DANVILLE (WSLS 10) - The Danville Police Department announced on Monday that it has discontinued the practice of raising the hood on patrol vehicles due to concerns from citizens that raising the hoods prevented the in-car camera from recording a police/citizen interaction.
The department said the practice of raising hoods was a temporary remedy for heat damage to electronic components in police cars that occurred during extreme heat. The hoods were raised when the vehicles were idling for extended periods of time.
In an effort to build community trust and be more transparent, the Danville police has used in-car video equipment for more than a decade and officers have worn cameras for more than four years.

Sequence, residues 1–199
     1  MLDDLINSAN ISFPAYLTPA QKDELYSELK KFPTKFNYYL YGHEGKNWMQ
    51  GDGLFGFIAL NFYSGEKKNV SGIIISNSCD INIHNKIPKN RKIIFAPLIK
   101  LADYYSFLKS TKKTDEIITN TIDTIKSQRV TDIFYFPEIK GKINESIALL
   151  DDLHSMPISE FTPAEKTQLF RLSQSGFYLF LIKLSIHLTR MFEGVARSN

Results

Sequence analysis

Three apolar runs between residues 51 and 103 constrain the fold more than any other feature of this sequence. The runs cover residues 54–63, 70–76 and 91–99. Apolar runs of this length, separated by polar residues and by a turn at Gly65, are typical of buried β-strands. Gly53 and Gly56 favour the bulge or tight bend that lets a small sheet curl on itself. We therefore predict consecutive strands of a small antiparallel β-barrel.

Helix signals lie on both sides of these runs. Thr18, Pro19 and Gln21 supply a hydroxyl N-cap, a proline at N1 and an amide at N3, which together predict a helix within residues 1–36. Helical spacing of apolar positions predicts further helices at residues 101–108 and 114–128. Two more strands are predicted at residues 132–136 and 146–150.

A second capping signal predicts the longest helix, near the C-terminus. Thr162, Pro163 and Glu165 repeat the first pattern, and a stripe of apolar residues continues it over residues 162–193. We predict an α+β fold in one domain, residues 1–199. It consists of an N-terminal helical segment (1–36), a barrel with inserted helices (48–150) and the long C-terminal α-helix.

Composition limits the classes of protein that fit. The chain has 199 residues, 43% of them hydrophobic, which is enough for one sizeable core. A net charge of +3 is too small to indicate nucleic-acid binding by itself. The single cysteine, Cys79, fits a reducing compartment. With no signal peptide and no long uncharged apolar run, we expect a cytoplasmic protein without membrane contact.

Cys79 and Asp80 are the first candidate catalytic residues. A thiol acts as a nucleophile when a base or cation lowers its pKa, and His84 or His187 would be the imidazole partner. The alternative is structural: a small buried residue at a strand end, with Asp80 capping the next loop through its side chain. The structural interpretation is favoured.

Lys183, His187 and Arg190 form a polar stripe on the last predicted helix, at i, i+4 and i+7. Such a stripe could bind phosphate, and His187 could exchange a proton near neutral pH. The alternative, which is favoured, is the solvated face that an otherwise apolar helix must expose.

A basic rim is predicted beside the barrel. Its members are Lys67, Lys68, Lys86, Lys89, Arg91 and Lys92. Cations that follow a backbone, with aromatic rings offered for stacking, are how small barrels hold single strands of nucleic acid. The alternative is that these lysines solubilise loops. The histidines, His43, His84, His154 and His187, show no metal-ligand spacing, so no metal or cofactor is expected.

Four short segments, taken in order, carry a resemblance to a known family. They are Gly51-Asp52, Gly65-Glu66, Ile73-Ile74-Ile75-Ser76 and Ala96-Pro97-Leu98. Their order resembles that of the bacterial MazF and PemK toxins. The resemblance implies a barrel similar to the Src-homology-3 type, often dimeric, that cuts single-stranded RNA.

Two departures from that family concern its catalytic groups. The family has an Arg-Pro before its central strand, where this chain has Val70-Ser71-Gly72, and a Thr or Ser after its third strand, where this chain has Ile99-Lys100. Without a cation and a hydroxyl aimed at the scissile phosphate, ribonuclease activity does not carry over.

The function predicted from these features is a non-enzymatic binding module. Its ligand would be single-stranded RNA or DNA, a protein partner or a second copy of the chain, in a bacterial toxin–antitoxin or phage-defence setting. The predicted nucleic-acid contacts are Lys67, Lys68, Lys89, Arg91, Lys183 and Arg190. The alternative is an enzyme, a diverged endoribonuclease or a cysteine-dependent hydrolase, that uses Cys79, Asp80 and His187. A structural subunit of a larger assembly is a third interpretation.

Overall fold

In August, police say they began raising hoods on vehicles as a temporary remedy to ongoing issues with heat damage to electronic components and in the last six months, the Danville Police Department spent $16,263.85 for heat related repairs on patrol vehicles.
Several steps were taken to alleviate the heat related damage. Cooling louvers were added to the vehicle hoods. An additive was used in the engine coolant system and hoods were raised to further vent the engine compartment.
The police department will continue to seek other remedies for the heat related damage.
Police Chief Philip Broadfoot said, "The Danville Police Department understands the community's concerns and is committed to transparency in interactions with the public."